Independence Day and New England…

8 07 2008

…are mutually intertwined, as the American history scholars among you may know. The Pilgrims landed on Plymouth Rock, the Declaration of Independence was first read to the public in Boston and some American folks threw some bags o‘ tea off of some ship in the Boston harbor – known as the Boston Tea Party. No taxation without representation, and so forth. I’m sure most of my German readers are well familiar with these events, needless to say my American colleagues probably also know what I’m talking about. To make a long story short and to somehow weave my own personal history into this randomly thrown together display of historical expertise, we were in Boston over the Independence Day weekend.

We were promised some great fireworks and a lot of traffic on the way up as well as on the way back home. Apparently, we should not have been the only ones that had the great idea of spending the most important American holiday there. We got to Boston faster than we had expected and checked in with our hotel. The most challenging part of this endeavour was to somehow manage to convince the concierge that we were not 12 but 8 people divided up into two rooms with 2 king size double beds each. Done the math? Right, 8 people, four double-beds – fits. But it’s cheaper to accomodate all 12 of us in these two rooms. So, we were running around all over the hotel lobby, back and forth from the elevators to the cars, from the reception to the elevators and from the restrooms to the reception to confuse the guy that checked us in. Not successful, as it turned out, because the other hotel guy asked how many people we were. I replied that we were 8, and he nodded and said „Right. Need any extra blankets?“. Confusion tactics was never my strength.

The next day. 4th of July. We headed into town and took the „Freedom Trail“, that leads all the way around Boston, passing the most interesting sights.

First thing that struck me was that Boston appeared much less American than any other American city I had ever seen. In fact, Boston could well be anywhere in Europe (especially in Britain somewhere). Maybe that’s why they call it New England…hmm..

One place to recommend to anyone coming to Boston is the area around Faneuil Hall and Quincy Market. Especially in South Market, there’s an unbelievable amount of food stalls and stands, where they serve food from nearly everywhere in the world. Walking through there is like entering some kind of Elysian field of food. After having staggered along Freedom Trail for long enough we went back to the hotel to take a quick shower and then headed down to the harbor side, where the Independence Day festivities were taking place. The Boston Pops were already playing when we got there and later that night, Rascal Flatts laid down a great lipsynch-playback performance. When the wailing had finally stopped, the fireworks commenced and let me tell you – I have never seen fireworks more impressive than that. Half and hour of pure impressiveness. Towards the end, one could hardly see the fireworks through tha massive haze that was hanging over the harbor. Take the biggest new year’s fireworks and imagine it four times longer, bigger, higher and brighter, then you might get an impression of what took place that night in Boston.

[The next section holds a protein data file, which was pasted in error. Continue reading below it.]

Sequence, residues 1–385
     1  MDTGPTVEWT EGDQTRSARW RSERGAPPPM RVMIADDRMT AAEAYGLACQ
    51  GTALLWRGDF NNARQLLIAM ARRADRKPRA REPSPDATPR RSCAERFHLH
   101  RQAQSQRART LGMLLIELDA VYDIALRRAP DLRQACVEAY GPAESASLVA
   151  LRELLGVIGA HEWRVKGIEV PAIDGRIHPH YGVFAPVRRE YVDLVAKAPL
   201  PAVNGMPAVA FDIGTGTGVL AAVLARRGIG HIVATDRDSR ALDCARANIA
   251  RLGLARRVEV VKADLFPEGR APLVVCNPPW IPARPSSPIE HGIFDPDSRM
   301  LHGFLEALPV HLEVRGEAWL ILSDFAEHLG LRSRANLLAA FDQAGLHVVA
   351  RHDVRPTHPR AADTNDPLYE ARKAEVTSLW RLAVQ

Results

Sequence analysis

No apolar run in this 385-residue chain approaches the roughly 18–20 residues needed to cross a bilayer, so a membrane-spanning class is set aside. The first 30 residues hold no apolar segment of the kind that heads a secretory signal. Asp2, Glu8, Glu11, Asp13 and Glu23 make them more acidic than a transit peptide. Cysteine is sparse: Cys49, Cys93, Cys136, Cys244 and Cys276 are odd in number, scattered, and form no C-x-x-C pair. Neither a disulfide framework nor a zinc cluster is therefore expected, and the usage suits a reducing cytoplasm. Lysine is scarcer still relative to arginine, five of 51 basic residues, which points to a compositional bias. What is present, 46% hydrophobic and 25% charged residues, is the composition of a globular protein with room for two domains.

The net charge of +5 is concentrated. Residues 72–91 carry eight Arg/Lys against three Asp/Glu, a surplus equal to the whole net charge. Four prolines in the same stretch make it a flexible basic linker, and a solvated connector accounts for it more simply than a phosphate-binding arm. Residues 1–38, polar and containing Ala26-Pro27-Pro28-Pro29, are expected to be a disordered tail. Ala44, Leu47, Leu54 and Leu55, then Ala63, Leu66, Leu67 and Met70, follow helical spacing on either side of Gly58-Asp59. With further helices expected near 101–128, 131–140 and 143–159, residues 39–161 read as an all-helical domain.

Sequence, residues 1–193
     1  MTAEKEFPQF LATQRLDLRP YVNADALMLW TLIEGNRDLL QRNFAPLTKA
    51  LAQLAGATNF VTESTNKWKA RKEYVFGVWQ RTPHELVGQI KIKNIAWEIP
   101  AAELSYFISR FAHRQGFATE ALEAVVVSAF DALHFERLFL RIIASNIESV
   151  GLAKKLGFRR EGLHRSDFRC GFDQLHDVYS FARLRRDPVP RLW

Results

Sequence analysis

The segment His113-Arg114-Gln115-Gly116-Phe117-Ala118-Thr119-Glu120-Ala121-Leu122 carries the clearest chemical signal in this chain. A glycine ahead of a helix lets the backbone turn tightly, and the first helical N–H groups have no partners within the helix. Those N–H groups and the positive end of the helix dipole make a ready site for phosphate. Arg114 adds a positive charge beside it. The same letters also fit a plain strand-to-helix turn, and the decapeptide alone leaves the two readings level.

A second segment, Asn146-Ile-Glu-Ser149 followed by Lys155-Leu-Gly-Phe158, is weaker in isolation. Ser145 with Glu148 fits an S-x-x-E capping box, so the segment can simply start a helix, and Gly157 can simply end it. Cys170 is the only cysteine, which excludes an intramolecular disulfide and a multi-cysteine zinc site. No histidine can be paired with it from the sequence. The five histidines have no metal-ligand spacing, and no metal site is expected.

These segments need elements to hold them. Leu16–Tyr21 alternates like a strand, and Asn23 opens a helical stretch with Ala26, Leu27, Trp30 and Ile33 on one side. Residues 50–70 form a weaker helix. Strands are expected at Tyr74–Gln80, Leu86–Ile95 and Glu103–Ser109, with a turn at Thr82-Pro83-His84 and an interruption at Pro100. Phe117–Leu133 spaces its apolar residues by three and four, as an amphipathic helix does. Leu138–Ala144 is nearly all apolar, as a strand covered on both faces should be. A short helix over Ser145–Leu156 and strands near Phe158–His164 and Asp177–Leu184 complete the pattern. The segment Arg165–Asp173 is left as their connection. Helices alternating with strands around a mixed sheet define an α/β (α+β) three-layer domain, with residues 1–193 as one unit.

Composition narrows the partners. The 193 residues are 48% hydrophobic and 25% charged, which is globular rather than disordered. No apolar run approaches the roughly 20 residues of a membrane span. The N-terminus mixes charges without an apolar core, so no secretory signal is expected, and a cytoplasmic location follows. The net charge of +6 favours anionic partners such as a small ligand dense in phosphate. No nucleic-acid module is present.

Next day, we visited my prospective university in Cambridge, MA. We took a guided tour around the campus that was led by two students who did a really great job at making the whole thing very entertaining.

To the right, you can see a proof that now, I, too, am a Harvard student. Well, at least I was there and was able to suck in some of the genuine atmosphere of the great, dignified learning facility that it is.

Leaving Boston that day, we stopped by at M.I.T., to get yet another glimpse of yet another university that none of us would ever be able to afford to attend – let alone have the intellect to even pass the admission tests. But, I bought a „HAHVAHD“-T-Shirt. (Bostonians have their own accent, which incorporates not pronouncing any ‚R’s)

Our next stop was Orleans on Cape Cod, where we moved into a hostel that was mainly a few wooden huts with bunk beds. From there, we headed out to check off another topic on the to-do-list: Eat lobster.

Early the next morning we moved out to drive to Provincetown to do some whale watching. Ever since I was a young boy, I have always dreamed of seeing whales. Though I’d given up on wanting to be a marine biologist, I still hoped that someday I might encounter whales in their natural environment. I couldn’t have imagined, though, that it would be that breathtaking. The first whales we saw on the way out to the feeding grounds of the humpbacks were Minke whales. Though they are not much bigger than dolphins, I was pretty excited. The highlight, as I’ve indicated, was the humpback whales that we saw out at sea. There was a layer of fog hanging over the water and suddenly two of them appeared out of nowhere and circled the boat, checking out what was going on. As it turned out, it was a mother with her calf, in search for food. This was one of the most impressive experiences I have ever made. Seriously. Can’t really put it into words.

Coming back to Provincetown only to remember (and see) that it’s home to a large gay and lesbian community was like the starkest contrast between pure nature and, well, ungraceful mankind that one could imagine. I don’t ever want to go there again. Yuck.

On our way home we stopped by at Yale University in New Haven, CT, just to see what it was like.

What a trip.

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